Dodd-Frank, Swaps Clearing and Compliance for Pension Plan Asset Managers

According to the Bank for International Settlements, the notional amount outstanding, as of June 2013, of global over-the-counter derivatives exceeded $692 trillion. Interest rate swaps reflect the largest category at about $425.6 trillion. Given the jumbo size of this market, it is no surprise that regulators have demanded more transparency about the mechanics of the global swaps market, including reporting to regulators and the public dissemination of reported information. It is also no surprise that regulators have demanded what they deem to be risk-reducing measures such as the clearing of these instruments and collateral collection. With the promulgation of the Dodd-Frank Wall Street Reform and Consumer Protection Act (“Dodd-Frank”), numerous market participants are now required to clear their swaps. Click here to learn about the three categories of organizations that are required to adhere to swap clearing and trade execution requirements under Section 2(h) of the Commodity Exchange Act (“CEA”). Given the complexity of the prevailing swaps-related rules and regulations as well as the evolving nature of these mandates, any educational insights are welcome.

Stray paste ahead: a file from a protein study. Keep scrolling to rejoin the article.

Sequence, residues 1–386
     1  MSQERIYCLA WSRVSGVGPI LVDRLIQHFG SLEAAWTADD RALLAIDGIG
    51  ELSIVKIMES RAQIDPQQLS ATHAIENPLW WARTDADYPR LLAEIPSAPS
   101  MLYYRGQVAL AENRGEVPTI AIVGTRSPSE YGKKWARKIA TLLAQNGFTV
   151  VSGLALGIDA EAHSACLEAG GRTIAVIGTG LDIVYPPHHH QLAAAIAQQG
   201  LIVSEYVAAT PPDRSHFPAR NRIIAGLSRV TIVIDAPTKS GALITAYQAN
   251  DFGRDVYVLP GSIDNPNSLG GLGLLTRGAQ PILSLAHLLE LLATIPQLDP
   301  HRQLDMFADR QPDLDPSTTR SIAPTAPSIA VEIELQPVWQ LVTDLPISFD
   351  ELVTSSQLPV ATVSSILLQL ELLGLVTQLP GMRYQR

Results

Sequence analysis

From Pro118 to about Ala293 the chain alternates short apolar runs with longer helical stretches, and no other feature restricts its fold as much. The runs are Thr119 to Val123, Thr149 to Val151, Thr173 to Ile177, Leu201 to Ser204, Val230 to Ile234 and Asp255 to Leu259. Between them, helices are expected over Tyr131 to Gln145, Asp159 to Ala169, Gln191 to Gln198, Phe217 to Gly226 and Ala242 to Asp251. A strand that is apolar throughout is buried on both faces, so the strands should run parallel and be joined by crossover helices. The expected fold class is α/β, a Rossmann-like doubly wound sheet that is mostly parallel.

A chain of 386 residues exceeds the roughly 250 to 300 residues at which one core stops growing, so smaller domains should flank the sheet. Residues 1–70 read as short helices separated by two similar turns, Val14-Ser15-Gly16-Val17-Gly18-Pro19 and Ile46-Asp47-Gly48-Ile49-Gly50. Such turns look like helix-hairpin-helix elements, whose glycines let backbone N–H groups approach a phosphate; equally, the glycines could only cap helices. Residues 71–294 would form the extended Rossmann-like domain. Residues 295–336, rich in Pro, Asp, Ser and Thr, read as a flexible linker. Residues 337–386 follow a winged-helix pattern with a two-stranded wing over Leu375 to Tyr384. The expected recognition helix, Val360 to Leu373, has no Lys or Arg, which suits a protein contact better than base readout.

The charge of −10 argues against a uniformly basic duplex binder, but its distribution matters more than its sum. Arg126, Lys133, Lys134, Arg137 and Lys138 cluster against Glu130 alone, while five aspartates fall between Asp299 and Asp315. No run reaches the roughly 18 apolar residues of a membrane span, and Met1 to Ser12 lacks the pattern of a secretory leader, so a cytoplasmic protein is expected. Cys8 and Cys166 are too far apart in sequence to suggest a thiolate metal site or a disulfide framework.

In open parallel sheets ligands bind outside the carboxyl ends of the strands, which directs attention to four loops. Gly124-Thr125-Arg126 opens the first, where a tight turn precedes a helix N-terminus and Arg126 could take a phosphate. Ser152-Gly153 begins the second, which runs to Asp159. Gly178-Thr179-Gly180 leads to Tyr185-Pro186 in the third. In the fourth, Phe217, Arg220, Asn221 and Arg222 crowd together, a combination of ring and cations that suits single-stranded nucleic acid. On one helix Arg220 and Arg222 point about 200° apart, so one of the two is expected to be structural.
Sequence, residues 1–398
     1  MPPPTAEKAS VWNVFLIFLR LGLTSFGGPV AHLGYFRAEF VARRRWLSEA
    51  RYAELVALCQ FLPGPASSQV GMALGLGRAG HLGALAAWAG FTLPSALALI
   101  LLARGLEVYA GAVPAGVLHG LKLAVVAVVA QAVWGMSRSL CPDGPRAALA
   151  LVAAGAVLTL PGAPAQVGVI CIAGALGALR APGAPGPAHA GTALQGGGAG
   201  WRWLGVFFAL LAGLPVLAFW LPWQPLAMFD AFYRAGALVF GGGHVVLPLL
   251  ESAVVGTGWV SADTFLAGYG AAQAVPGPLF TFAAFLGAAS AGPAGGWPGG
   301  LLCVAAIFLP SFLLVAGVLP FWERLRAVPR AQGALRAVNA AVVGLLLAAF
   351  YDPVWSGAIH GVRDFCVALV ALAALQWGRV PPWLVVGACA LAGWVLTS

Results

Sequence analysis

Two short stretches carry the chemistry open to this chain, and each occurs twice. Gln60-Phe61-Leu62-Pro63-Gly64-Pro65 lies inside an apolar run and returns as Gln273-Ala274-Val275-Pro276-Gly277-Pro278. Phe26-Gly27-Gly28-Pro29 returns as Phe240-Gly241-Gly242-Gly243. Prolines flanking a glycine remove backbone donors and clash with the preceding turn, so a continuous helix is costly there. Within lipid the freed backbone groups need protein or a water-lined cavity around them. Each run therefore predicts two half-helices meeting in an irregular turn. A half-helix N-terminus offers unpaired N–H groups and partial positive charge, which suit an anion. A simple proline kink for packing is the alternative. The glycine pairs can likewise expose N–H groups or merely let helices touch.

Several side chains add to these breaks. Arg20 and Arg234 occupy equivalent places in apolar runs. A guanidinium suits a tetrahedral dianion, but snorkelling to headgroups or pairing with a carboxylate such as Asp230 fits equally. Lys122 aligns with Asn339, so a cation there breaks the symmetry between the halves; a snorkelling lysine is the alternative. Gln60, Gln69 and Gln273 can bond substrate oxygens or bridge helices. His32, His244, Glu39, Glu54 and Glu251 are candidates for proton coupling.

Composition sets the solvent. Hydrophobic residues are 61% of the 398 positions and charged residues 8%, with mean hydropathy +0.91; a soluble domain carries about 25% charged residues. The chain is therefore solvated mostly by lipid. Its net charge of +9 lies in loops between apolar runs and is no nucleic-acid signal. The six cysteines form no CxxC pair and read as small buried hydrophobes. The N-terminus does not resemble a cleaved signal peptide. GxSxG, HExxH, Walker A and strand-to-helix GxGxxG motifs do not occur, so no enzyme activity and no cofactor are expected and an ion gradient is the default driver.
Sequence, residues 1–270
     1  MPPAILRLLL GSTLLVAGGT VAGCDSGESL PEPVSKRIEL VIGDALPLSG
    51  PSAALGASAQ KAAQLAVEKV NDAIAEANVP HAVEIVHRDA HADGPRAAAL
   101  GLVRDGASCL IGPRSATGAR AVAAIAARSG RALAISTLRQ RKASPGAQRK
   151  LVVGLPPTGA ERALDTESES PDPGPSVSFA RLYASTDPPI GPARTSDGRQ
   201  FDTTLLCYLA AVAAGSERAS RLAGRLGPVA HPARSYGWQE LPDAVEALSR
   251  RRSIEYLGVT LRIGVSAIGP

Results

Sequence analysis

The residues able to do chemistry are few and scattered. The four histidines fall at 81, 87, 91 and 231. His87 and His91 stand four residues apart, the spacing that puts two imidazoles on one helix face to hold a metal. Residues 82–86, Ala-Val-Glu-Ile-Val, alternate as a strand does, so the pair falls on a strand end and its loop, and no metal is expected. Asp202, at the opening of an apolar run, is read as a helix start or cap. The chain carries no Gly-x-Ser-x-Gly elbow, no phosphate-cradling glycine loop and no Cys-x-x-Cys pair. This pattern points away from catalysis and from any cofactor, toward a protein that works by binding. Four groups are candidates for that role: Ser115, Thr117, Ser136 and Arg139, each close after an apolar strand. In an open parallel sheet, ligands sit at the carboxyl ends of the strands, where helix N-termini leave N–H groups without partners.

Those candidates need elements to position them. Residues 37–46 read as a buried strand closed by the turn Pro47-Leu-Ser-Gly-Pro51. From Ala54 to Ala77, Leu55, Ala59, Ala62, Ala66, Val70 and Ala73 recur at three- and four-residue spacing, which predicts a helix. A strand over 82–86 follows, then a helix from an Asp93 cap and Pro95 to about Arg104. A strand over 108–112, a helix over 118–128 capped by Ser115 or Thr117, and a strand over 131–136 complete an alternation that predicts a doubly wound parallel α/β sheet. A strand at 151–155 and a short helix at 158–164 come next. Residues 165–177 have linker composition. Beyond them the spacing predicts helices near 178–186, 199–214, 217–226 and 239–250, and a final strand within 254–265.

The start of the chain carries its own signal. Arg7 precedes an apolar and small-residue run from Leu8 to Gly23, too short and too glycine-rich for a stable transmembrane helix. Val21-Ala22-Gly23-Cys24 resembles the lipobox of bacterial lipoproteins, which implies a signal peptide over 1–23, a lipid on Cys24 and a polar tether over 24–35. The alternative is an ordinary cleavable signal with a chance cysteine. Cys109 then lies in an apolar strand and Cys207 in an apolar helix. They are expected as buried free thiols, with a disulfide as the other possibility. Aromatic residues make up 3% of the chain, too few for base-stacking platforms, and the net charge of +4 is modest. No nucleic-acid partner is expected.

As an economic consultant, trainer and expert witness who regularly does work in the pension risk management arena and author of Risk Management for Pensions, Endowments and Foundations, I was delighted to have a chance to get comments about this important topic of swaps clearing and trade compliance from Davis Polk attorneys Lanny A. Schwartz and Gabriel D. Rosenberg. Mr. Schwartz is a partner, and Mr. Rosenberg is an associate in Davis Polk’s Trading and Markets practice. Besides the questions and answers provided below, and acknowledging that there is a lot to learn about swaps-related compliance, readers may want to download "Are You Ready? New Swap Trading Requirements For Pension Plan Asset Managers" (August 2013) by Attorneys Schwartz and Rosenberg, in conjunction with BNY Mellon.

Question: What is your motivation for writing about this topic as well as offering educational webinars?

Answer: We continue to receive numerous inquiries from swap market participants, many related to clearing. Swaps dealers were the first to have to demonstrate compliance with Dodd-Frank's swaps clearing mandate in March of last year. Most asset managers were required to clear specified types of interest rate swaps and credit default swaps as of June 2013. Other entities, including ERISA plans, had a deadline of September 2013.

Question: What areas have you identified as requiring more time and attention?